Clinical Orthopaedics and Related Research ®

A Publication of The Association of Bone and Joint Surgeons ®

Published in
Clinical Orthopaedics and Related Research®
Volume 474 | Issue 8 | Aug, 2016
Articles

Does a Patient-centered Educational Intervention Affect African-American Access to Knee Replacement? A Randomized Trial

Ernest R. Vina MD, MS, Diane Richardson PhD, Elina Medvedeva MS, C. Kent Kwoh MD, Aliya Collier BS, Said A. Ibrahim MD, MPH

A TKA is the most effective and cost-effective surgical option for moderate to severe osteoarthritis (OA) of the knee. Yet, black patients are less willing to undergo knee replacement surgery than white patients. Decision aids help people understand treatment options and consider the personal importance of possible benefits and harms of treatments, including TKA.

Tendon Collagen Crosslinking Offers Potential to Improve Suture Pullout in Rotator Cuff Repair: An Ex Vivo Sheep Study

Roland S. Camenzind MD, Karl Wieser MD, Gion Fessel PhD, Dominik C. Meyer MD, Jess G. Snedeker PhD

The suture-tendon interface is often the weakest link in tendon to bone repair of massive rotator cuff tears. Genipin is a low-toxicity collagen crosslinker derived from the gardenia fruit that has been shown to augment collagen tissue strength and mechanically arrest tendon-tear progression.

Does Degenerative Lumbar Spine Disease Influence Femoroacetabular Flexion in Patients Undergoing Total Hip Arthroplasty?

Christina I. Esposito PhD, Theodore T. Miller MD, Han Jo Kim MD, Brian T. Barlow MD, Timothy M. Wright PhD, Douglas E. Padgett MD, Seth A. Jerabek MD, David J. Mayman MD

Sitting pelvic tilt dictates the proximity of the rim of the acetabulum to the proximal femur and, therefore, the risk of impingement in patients undergoing total hip arthroplasty (THA). Sitting position is achieved through a combination of lumbar spine segmental motions and/or femoroacetabular articular motion in the lumbar-pelvic-femoral complex. Multilevel degenerative disc disease (DDD) may limit spine flexion and therefore increase femoroacetabular flexion in patients having THAs, but this has not been well characterized. Therefore, we measured standing and sitting lumbar-pelvic-femoral alignment in patients with radiographic signs of DDD and in patients with no radiographic signs of spine arthrosis.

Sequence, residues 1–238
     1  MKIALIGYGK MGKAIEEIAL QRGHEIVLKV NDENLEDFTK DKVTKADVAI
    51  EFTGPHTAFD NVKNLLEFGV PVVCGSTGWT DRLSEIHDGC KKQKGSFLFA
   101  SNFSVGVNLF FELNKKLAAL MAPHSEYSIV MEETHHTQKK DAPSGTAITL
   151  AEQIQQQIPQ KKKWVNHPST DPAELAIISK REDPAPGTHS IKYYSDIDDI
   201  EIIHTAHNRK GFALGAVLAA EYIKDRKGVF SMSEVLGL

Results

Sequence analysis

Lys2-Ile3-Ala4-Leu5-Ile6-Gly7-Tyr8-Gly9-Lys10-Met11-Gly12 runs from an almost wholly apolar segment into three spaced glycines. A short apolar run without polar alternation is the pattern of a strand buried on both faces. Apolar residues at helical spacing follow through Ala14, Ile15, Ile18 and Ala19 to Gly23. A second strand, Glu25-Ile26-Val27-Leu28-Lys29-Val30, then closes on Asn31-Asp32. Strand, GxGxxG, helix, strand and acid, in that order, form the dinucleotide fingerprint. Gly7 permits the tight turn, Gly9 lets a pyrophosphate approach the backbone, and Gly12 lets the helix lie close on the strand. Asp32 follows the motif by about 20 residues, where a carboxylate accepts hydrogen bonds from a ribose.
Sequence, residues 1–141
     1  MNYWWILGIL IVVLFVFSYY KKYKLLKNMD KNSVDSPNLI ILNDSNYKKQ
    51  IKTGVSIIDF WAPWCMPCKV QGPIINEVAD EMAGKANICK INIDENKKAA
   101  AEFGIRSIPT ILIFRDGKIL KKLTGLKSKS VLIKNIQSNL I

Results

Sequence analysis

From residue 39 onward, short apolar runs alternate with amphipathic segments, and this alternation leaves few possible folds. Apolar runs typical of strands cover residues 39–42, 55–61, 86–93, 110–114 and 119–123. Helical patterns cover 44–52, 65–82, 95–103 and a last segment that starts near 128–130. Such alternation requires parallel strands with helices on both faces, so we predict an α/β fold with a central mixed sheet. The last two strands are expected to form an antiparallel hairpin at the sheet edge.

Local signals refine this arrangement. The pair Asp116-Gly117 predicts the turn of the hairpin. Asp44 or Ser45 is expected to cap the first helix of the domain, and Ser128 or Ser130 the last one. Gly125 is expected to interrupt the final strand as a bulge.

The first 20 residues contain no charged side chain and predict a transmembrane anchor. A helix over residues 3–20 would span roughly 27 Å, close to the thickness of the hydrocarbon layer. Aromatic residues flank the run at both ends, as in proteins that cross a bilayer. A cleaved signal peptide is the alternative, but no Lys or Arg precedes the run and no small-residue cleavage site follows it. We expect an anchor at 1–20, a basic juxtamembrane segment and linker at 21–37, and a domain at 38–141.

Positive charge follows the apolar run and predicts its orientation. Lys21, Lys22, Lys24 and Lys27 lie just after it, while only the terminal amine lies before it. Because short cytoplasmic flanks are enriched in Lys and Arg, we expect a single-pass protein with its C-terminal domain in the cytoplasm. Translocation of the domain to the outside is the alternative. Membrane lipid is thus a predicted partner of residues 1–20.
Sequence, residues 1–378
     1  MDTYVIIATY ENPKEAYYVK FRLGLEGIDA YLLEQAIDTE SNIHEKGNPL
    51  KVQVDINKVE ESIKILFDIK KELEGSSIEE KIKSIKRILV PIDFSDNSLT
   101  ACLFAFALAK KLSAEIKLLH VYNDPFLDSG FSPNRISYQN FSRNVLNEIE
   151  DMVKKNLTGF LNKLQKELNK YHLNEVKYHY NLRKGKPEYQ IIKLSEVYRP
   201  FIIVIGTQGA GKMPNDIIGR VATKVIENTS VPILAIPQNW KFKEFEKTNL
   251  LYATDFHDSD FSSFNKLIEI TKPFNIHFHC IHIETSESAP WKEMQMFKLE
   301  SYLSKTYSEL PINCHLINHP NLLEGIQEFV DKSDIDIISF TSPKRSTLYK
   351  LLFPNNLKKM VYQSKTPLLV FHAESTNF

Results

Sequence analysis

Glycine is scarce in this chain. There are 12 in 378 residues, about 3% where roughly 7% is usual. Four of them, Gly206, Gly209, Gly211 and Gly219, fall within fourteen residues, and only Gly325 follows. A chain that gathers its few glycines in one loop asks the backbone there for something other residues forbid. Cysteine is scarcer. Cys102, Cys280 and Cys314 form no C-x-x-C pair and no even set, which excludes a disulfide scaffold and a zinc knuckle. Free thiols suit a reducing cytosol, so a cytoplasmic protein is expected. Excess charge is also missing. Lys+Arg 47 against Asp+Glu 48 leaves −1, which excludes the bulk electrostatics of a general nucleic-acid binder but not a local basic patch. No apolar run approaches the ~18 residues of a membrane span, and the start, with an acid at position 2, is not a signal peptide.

The Natural History of Osteoarthritis: What Happens to the Other Hip?

Harlan C. Amstutz MD, Michel J. Le Duff MA

Idiopathic osteoarthritis (OA) is a common diagnosis leading to hip arthroplasty. Patients undergoing unilateral hip arthroplasty often wonder whether their other hip will follow the same path as the one that was operated on, and if so, when? There also are limited data available to predict from AP radiographs which contralateral hips will have OA develop and which will not.

Inaccuracies in the Use of Magnification Markers in Digital Hip Radiographs

Michael J. Archibeck MD, Tamara Cummins RT, Krishna R. Tripuraneni MD, Joshua T. Carothers MD, Cristina Murray-Krezan MS, Mohammad Hattab PhD, Richard E. White MD

With the ubiquity of digital radiographs, the use of digital templating for arthroplasty has become commonplace. Although improved accuracy with digital radiographs and magnification markers is assumed, it has not been shown.

The NLRP3/Caspase-1/Interleukin-1β Axis Is Active in Human Lumbar Cartilaginous Endplate Degeneration

Pan Tang MD, Ren Zhu MD, Wei-Ping Ji MD, Ji-Ying Wang MD, Shuai Chen MD, Shun-Wu Fan MD, Zhi-Jun Hu PhD

Modic changes are the MRI signal changes of degenerative lumbar vertebral endplate and which lead to or accelerate intervertebral disc degeneration. NLRP3, caspase-1, and interleukin-1β (IL-1β) play a pivotal role in the pathogenesis of many inflammatory diseases, such as osteoarthritis. However, the roles of IL-1β and its activators caspase-1 and NLRP3 are unclear in the degenerative endplate.

Is Social Support Associated With Upper Extremity Disability?

Sjoerd P. F. T. Nota MD, Silke A. Spit MD, Thijs C. H. Oosterhoff BSc, Michiel G. J. S. Hageman MD, David C. Ring MD, PhD, Ana-Maria Vranceanu PhD